Why Do U.S. Firms Hold so Much More Cash than They Used to?
Thomas W. Bates
Arizona State University - Department of Finance
Kathleen M. Kahle
University of Arizona - Department of Finance
René M. Stulz
Ohio State University (OSU) - Department of Finance; National Bureau of Economic Research (NBER); European Corporate Governance Institute (ECGI)
Fisher College of Business Working Paper No. 2007-03-006
Charles A. Dice Center Working Paper No. 2006-17
The average cash-to-assets ratio for U.S. industrial firms more than doubles from 1980 to 2006. A measure of the economic importance of this increase in cash holdings is that at the end of the sample period, the average firm can pay back all of its debt obligations with its cash holdings; in other words, the average firm has no leverage if leverage is measured as net debt. This change in cash ratios and net debt is the result of a secular trend rather than the outcome of the recent buildup in cash holdings of some large firms, and it is much more pronounced for firms that do not pay dividends and for firms in industries whose cash flows became riskier. The average cash ratio increases over the sample period because firms change: their cash flows become riskier, they hold fewer inventories and accounts receivable, and they are increasingly R&D intensive. The precautionary motive for cash holdings plays an important role in explaining the increase in the average cash ratio; in contrast, in our empirical tests, agency considerations are not successful in explaining the increase.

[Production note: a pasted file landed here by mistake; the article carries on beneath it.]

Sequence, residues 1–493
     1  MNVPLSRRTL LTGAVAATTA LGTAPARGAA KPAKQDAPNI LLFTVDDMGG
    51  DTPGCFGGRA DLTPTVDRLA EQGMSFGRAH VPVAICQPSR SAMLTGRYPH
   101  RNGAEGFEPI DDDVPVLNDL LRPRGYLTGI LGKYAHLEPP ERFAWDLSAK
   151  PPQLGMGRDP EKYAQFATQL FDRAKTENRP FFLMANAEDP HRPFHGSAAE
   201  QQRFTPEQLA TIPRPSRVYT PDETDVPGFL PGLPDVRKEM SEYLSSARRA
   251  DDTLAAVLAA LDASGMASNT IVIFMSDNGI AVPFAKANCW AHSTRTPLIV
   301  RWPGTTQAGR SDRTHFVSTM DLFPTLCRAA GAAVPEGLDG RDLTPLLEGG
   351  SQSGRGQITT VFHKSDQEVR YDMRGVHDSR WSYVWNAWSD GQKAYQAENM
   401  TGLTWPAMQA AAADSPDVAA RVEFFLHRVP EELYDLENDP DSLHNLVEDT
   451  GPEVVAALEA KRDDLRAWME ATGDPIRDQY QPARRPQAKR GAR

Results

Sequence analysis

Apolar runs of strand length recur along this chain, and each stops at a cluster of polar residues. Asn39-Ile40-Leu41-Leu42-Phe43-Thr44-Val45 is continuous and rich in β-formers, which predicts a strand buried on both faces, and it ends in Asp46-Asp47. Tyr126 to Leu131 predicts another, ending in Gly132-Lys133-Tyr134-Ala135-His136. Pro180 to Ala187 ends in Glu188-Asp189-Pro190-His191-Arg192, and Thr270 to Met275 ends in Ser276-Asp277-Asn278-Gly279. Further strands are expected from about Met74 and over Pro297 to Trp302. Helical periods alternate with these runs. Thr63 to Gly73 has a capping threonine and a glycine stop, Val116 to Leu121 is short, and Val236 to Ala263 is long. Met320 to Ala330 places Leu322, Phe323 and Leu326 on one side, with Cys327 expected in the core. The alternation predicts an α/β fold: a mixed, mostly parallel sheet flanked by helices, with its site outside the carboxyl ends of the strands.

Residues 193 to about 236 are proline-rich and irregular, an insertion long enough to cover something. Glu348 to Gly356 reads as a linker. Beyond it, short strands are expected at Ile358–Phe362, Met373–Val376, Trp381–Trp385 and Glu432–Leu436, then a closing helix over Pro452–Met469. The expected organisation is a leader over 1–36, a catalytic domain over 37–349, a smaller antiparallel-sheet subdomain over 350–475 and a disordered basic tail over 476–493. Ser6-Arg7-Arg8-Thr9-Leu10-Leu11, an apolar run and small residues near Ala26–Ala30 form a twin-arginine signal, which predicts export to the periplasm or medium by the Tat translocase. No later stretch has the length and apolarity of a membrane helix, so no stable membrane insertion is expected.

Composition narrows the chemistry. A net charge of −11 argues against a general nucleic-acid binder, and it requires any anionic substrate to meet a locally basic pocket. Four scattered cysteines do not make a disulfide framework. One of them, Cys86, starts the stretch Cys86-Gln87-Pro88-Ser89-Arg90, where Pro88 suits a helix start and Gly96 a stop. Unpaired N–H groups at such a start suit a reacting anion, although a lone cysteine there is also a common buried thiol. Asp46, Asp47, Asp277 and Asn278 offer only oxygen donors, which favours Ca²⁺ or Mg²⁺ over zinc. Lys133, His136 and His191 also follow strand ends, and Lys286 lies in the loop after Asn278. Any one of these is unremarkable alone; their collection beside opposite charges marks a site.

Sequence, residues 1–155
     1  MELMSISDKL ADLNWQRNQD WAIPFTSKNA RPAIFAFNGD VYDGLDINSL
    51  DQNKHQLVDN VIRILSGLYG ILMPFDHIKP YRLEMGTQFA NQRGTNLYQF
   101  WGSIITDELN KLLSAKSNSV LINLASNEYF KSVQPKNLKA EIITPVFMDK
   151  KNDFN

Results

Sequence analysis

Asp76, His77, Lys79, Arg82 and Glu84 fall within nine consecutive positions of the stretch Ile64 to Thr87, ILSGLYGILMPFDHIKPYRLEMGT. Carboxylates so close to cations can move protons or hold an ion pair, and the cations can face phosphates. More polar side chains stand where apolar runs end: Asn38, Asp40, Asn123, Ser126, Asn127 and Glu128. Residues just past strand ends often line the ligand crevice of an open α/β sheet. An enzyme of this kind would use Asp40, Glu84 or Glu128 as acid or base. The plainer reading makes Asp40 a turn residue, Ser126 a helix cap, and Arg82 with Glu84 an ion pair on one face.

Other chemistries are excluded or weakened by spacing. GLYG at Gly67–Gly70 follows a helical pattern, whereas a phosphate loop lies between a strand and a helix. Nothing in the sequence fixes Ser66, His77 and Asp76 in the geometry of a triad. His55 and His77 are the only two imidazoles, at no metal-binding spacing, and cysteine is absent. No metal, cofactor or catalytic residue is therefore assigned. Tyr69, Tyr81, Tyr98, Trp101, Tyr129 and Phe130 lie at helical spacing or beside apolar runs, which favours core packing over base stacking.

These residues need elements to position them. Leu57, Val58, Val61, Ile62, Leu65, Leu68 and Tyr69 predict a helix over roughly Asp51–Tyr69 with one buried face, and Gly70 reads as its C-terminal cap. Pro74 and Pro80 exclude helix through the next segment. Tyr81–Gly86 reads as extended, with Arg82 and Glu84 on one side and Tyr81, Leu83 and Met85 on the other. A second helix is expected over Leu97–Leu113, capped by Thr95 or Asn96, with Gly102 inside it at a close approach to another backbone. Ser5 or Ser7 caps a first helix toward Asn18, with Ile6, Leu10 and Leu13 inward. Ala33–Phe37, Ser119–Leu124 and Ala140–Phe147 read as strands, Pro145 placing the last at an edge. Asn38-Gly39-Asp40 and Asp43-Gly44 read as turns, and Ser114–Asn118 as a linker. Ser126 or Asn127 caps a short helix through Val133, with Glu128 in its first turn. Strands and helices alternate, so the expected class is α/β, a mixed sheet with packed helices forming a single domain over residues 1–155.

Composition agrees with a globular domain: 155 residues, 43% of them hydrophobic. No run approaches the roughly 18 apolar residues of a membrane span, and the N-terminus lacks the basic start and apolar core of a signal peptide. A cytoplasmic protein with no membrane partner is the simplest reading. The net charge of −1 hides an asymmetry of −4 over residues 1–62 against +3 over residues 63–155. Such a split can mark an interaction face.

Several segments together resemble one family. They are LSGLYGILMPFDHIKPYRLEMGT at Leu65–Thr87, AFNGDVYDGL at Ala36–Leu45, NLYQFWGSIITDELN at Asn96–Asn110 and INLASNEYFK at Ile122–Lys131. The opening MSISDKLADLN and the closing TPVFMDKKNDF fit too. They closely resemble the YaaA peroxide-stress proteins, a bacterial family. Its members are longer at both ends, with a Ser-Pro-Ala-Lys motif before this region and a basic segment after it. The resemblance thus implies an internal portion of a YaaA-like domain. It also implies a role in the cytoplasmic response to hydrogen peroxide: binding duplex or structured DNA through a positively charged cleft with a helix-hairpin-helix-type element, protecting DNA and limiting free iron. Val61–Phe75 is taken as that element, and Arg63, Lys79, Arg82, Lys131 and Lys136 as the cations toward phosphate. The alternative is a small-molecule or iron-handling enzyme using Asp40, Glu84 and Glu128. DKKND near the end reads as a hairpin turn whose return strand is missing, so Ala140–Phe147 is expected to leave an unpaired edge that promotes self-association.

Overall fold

Number of Pages in PDF File: 50
JEL Classification: G30, G32, G35
Date posted: September 4, 2006 ; Last revised: May 16, 2008